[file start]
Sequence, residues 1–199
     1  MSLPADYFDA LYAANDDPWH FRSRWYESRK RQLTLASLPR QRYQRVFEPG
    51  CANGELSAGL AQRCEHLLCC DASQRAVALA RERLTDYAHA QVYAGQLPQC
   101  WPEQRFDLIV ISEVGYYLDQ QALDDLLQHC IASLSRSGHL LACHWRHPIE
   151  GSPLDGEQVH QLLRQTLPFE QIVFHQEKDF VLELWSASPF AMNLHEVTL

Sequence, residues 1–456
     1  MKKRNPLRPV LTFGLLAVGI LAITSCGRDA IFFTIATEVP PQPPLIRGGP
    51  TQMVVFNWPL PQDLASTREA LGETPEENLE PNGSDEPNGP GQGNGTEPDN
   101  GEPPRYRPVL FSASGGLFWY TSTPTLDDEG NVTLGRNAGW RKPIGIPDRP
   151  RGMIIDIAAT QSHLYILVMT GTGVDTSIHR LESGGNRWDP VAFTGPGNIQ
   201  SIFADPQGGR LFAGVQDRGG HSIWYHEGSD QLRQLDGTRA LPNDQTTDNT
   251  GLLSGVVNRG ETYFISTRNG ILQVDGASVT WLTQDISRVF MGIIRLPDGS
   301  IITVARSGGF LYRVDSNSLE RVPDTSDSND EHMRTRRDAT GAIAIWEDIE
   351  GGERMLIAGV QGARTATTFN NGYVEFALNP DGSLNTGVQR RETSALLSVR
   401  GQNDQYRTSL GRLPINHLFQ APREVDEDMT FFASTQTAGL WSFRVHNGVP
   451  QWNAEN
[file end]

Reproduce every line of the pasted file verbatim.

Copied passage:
Sequence, residues 1–199
     1  MSLPADYFDA LYAANDDPWH FRSRWYESRK RQLTLASLPR QRYQRVFEPG
    51  CANGELSAGL AQRCEHLLCC DASQRAVALA RERLTDYAHA QVYAGQLPQC
   101  WPEQRFDLIV ISEVGYYLDQ QALDDLLQHC IASLSRSGHL LACHWRHPIE
   151  GSPLDGEQVH QLLRQTLPFE QIVFHQEKDF VLELWSASPF AMNLHEVTL

Sequence, residues 1–456
     1  MKKRNPLRPV LTFGLLAVGI LAITSCGRDA IFFTIATEVP PQPPLIRGGP
    51  TQMVVFNWPL PQDLASTREA LGETPEENLE PNGSDEPNGP GQGNGTEPDN
   101  GEPPRYRPVL FSASGGLFWY TSTPTLDDEG NVTLGRNAGW RKPIGIPDRP
   151  RGMIIDIAAT QSHLYILVMT GTGVDTSIHR LESGGNRWDP VAFTGPGNIQ
   201  SIFADPQGGR LFAGVQDRGG HSIWYHEGSD QLRQLDGTRA LPNDQTTDNT
   251  GLLSGVVNRG ETYFISTRNG ILQVDGASVT WLTQDISRVF MGIIRLPDGS
   301  IITVARSGGF LYRVDSNSLE RVPDTSDSND EHMRTRRDAT GAIAIWEDIE
   351  GGERMLIAGV QGARTATTFN NGYVEFALNP DGSLNTGVQR RETSALLSVR
   401  GQNDQYRTSL GRLPINHLFQ APREVDEDMT FFASTQTAGL WSFRVHNGVP
   451  QWNAEN